Final Belize post! Here it is! For reals!
So, the day after our Tikal-touring day, we had a long journey to Caye Caulker, which culminated in an hour-long water taxi ride in the rain. Actually, it stopped raining just before we boarded, luckily. But the water was still super-choppy, which I had been scared to death of, but the Bonine worked its magic. We stepped off the boat and retrieved our luggage from where the sailors had hauled it onto the dock, and we walked a long way to our hotel, Shirley's Guest House. It was very windy and somewhat chilly.
It did not look like this at the time (since this photo was taken at a sunny time), but this is part of Shirley's yard:
I had read that she had a dock you could swim from, like most of the other beach-side hotels. But when I asked Shirley, she non-chalantly said, "after the second time a storm took it down, I decided not to rebuild it again." I was a bit miffed, but what can you do?
Here's the back entrance to Shirley's. When you walked there after dusk, you'd here loud clicking and clacking noises from the huge land crabs walking around in the fallen palm fronds:
I'm just going to sum up our three days on Caye Caulker. It was freakishly cold (which here meant temps down to the 50s at night) with scattered showers and gusty wind for much of the time. We had two full days to work with, so we put off our snorkeling adventure for the second day, which ended up being a good bet. Besides the snorkeling, we spent a lot of time just wandering around the town, up and down the sand streets, then going back to our room for a nap, then going out again to eat. I remember feeling sad that I had to wait a few hours before I could reasonably eat another meal.
We bought some reasonably good sweetened bread at the bakery on the right:
Here's another street, this time in the sun:
Here's the shoreline. Lots of mangroves; a lot of the island is mangrove swamp, though it's slowly being build into. That white blob is a great egret; there were many wading birds about. You can't really swim directly from the shore, as there's a lot of sea grass and stuff you don't want to step on.
On one of the days we rented some crappy bikes, which were guarded by this fierce dog.
The bikes made getting from one end of the island to the other a lot quicker. Shirley's is pretty much at the southern end of the inhabited part. At the northern part is The Split, a channel in the island that was created during Hurricane Hattie. There's still the remains of a cement road there. I think I took this photo from the split, looking south:
We ate a lot of good food there, but I think the best meal was at Rose's. They have the fish (caught that day, of course) all laid out at the entrance, and you choose which one you want:
Shish kabobs were $10, the snapper were $20-30, depending on size, and the lobsters were $30. That's in Belize, so in American dollars, it's half that price. Once you pick your fish, the guy slices it open, rubs some seasoning on it, and throws it on the grill. Meanwhile you sit down and order a couple of side dishes (which are included in the price) and a Belikin beer (if you're smart). It was pouring rain the night we went here, and like most of the restaurants here, all of the seating was open to the air (though covered). But it didn't matter. We got a snapper and a lobster and shared them. So. Fuckin'. Good.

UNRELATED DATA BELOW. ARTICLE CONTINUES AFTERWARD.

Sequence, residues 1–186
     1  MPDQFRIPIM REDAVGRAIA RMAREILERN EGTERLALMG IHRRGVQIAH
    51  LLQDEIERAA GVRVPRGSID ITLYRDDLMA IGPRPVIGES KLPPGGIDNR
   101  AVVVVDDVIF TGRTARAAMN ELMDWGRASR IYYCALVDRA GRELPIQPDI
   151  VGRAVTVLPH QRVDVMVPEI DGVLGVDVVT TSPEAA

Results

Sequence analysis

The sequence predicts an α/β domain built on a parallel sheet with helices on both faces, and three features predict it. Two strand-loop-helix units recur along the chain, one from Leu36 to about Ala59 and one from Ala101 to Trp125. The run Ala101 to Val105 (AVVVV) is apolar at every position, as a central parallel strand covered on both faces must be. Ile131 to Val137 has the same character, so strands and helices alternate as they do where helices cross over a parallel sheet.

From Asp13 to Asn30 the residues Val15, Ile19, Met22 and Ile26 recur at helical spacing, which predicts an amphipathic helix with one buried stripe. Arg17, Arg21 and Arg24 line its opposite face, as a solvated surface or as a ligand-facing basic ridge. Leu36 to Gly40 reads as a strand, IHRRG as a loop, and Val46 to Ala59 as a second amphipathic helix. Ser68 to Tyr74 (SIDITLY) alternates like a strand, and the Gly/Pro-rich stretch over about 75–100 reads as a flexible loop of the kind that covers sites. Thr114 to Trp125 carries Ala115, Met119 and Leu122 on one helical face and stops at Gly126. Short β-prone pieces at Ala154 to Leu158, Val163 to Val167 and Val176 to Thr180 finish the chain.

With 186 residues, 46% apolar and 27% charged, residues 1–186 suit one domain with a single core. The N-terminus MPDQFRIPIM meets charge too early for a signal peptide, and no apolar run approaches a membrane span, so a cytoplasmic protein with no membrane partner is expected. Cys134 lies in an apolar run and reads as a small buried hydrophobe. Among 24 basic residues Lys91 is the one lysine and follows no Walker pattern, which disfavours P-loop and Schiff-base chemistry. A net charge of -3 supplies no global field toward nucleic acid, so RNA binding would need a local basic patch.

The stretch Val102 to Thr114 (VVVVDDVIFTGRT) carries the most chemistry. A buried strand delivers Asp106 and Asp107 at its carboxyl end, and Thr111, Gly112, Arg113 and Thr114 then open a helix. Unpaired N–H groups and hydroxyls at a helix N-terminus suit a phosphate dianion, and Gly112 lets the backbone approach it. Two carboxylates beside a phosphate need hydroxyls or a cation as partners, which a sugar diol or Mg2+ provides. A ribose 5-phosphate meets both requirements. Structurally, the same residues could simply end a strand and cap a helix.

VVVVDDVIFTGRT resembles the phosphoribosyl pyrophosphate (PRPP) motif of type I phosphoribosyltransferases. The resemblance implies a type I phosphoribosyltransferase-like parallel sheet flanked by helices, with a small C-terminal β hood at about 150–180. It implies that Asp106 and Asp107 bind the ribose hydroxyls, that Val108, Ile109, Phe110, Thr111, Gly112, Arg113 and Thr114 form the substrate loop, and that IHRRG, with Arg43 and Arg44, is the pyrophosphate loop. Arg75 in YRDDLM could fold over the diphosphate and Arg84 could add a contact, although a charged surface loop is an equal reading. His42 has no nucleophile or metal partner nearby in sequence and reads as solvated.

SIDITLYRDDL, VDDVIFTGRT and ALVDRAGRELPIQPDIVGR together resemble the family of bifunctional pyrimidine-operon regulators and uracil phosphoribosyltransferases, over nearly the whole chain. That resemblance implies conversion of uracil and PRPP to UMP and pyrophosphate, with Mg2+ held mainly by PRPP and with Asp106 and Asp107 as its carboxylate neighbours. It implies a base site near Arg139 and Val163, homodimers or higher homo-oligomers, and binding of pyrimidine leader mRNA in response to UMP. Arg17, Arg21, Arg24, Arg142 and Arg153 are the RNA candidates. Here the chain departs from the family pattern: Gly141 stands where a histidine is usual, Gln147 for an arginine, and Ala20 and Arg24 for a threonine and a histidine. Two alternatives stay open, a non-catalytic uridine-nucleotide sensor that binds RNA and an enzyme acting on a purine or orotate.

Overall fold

It took us a while to decide upon what snorkeling trip we wanted to do. By "we" I mean "me," because it was not getting any less windy and wavey out there, and I was petrified of being stuck on a boat for several hours while throwing up pretty much non-stop. I came very close to not going at all, figuring the stress wasn't worth it. But I finally got over myself, and we went with a "full day" snorkel trip to Shark-ray Alley, the Hol Chan Marine Reserve, and the Coral Gardens. "Full day" just means 10 to 4, by the way, and includes an hour or so stop for lunch at the larger Caye to the north, Ambergris.
The boat trip to the reef action was insanely bumpy, but I didn't get sick at all (again, thank you god for Bonine). It was seriously so bumpy that people were laughing at how hard the boat would slam down onto the water when it skipped off the top of a wave. The first stop was Shark-Ray Alley, and there were many huge rays about, but no sharks. The water wasn't very cold, though getting out and being in the wind was no picnic. The second stop was Hol Chan, which had sharks -- nurse sharks, which are like overgrown catfish, really. The tour leader had thoughtfully brought a small container of chum for the sharks, who swam right up to the edge of the boat as soon as he cut the engines. Here's one begging for a treat:
I hopped in soon after taking that photo and got to pet a baby shark, who seemed to actually enjoy the attention, like a slippery puppy. Cute.
We saw many incredible fish and coral, but I don't have an underwater camera, so you'll have to close your eyes and imagine. Or go to YouTube and search for "Hol Chan" or something.
After Hol Chan we motored over to San Pedro, the main city on Ambergris Caye. We docked on "Bottom Time"'s pier:
You can see it's more upscale and built up than Caulker. Here's a San Pedro street scene, on an actual paved road, with two actual yellow-dyed poodles:
We got cheap, greasy (but tasty) tamales at a counter place and ate them on a beautiful deck on the beach. Then we met at the boat and were taken to Coral Gardens, which was pretty much the same as Hol Chan, except no sharks. Apparently there used to be more sharks around but climate change has fucked with their habitat.
Anyway, we returned to Caye Caulker safely, and the day afterwards, we went home to New England. It was a lovely trip.